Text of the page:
I knew that a rookie quarterback would take some of the fun out of Sackwatch for me each week, but as long as they stay under the Martzian level of sacking sucktitude, I’ll be alright. Sacks are way up since Mitchell Trubisky took over, with his 12.2 sack percentage leading the league. For a little perspective, Mike Glennon’s sack percentage is 5.6.
Rookie’s aren’t able to read defenses as fast, they don’t always understand that they can chuck it out of bounds when they are out of the pocket, and with a scrambler like Trubisky, they tend to hold onto the ball a little longer to make a play. All things that can improve with experience.
But enough about the bad, because against the Green Bay Packers, Trubisky set career highs in attempts, completions, completion percentage and yards. He’s getting better. He just needs time.
Let’s see how things are looking so far...
Sackwatch after 9 games
2010 - 34 Martz
2011 - 23 Martz
2012 - 28 Tice
2013 - 14 Trestman
2014 - 24 Trestman
2015 - 16 Gase
2016 - 18 Loggains
2017 - 24 Loggains
Sack 20 - Second Quarter 14:25 - Mike Daniels
Mike Daniels is Green Bay’s right defensive tackle, lined up over left guard Josh Sitton. After initially engaging Sitton, he darts inside to work on center Hroniss Grasu. Sitton, with no one to block, decides to give Daniels a shot, and it’s that shot that nudges him into the sack.
Trubisky is spooked by the bull-rush from Kenny Clark (#97) against left guard Cody Whitehair, and it’s that bull-rush that gets in Grasu’s way and stops him from staying with Daniels.
This is a tough one to assign blame.
If Daniels doesn’t get home, Clay Matthews would have picked up the sack. Matthews works outside on right tackle Bobby Massie, then comes back under the block when Trubisky steps up. But if Trubisky doesn’t step up, he’s probably not sacked. Grasu losing his man wasn’t his fault, but him not anchoring on the bull-rush was. This one feels like I could go Sacks Happen, but the pressure up the middle is what led to the sack, so I’m splitting it between Grasu and Whitehair.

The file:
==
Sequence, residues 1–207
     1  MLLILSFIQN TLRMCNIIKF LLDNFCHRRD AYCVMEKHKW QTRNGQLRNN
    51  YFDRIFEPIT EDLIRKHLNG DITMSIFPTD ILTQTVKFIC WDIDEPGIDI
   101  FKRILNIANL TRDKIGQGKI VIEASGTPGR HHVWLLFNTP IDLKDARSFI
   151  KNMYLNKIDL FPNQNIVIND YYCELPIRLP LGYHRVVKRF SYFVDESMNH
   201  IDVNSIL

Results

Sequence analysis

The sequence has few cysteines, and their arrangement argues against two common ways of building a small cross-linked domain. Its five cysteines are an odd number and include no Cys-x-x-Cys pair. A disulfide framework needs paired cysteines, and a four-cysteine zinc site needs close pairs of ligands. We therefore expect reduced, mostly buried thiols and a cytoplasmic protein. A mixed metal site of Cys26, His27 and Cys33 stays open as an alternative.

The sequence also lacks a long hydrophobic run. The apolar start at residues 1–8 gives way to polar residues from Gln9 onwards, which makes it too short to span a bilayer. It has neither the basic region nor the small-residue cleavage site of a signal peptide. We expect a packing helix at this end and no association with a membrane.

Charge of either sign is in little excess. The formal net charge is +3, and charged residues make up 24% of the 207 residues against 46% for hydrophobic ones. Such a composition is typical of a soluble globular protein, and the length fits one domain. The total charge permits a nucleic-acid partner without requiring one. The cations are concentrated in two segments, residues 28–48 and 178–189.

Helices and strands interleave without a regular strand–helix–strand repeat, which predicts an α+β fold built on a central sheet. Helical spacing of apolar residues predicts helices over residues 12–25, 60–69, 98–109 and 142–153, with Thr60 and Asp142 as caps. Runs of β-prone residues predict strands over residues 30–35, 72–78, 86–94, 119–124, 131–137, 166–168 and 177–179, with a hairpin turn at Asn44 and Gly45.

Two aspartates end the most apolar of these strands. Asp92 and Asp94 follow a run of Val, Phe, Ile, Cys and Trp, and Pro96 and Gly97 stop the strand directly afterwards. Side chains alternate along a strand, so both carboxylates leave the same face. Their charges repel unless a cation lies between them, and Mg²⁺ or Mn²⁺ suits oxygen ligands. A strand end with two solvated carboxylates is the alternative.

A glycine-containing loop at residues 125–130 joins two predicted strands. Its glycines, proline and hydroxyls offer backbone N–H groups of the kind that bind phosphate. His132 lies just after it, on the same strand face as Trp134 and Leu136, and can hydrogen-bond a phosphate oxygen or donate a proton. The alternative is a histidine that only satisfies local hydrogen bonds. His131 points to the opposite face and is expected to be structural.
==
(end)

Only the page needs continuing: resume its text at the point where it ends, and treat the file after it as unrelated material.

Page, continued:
Sack 21 - Second Quarter 5:06 - Nick Perry
Trubisky executes the play fake. He finds no one to throw to, so he shifts to the right. He sets his feet and looks downfield again, before taking the sack from a hustling Nick Perry.
Perry was working against left tackle Charles Leno, but Leno did his job. The pass protection was fine on this play, but Trubisky couldn’t find an open receiver. When going over the film on this play, one of the offensive coaches will remind Trubisky that once he leaves the pocket, he’s allowed to chuck the ball out of bounds.
This sack is on the rookie QB.
Sack 22 - Second Quarter 3:58 - Nick Perry
Perry gets the sack on a hustle play again, and I’m not blaming Leno on this one either. Trubisky runs into this sack after being forced out of the pocket by Ahmad Brooks (#55). Brooks starts out wide on Green Bay’s left, but he comes inside after a little chip by the Bears tight end.
He shoots the A-gap between Grasu and Whitehair, and Grasu doesn’t really do anything. He just kind of opens the gate and invites Brooks through.
If Grasu closes the gap and stays square, Brooks doesn’t disrupt the play, so I gotta go with Grasu on this sack allowed.
Sack 23 - Third Quarter 8:53 - Davon House
If no one bothers to blocks you, that makes for an easy sack.
Bobby Massie takes the edge rusher off Chicago’s right side, and running back Benny Cunningham takes the edge rusher off of Chicago’s right side.
Can you see how that might be a problem?
Benny must have missed the nickle blitzer, but House was his responsibility, so this one is on Cunningham.
Sack 24 - Third Quarter 4:02 - Nick Perry
This should have been another first down completion (First down passing: a Bears' offensive unicorn), but Trubisky must have had some money down on a Perry hat-trick.
The Packers sold out to stop the run on first down (again), and the Bears had them beat with the bootleg. But, Trubisky didn’t throw the ball.
#Bears have a "Cardinal rule," Dowell Loggains said — don't take sacks on bootlegs. Mitch Trubisky did when he decided not to throw under to Josh Bellamy on Sunday— Patrick Finley (@patrickfinley) November 15, 2017
I agree, this one is on Trubisky.
Individual Sackwatch through 9 games
Sacks Happen - 5.5
Charles Leno - 3.5
Mitchell Trubisky - 3
Mike Glennon - 2
Josh Sitton - 2
Bobby Massie - 2
Hroniss Grasu - 1.5
Cody Whitehair - 1
Benny Cunningham - 1
Bradley Sowell - 1
Zach Miller - .5
Kyle Long - .5
Jordan Howard - .5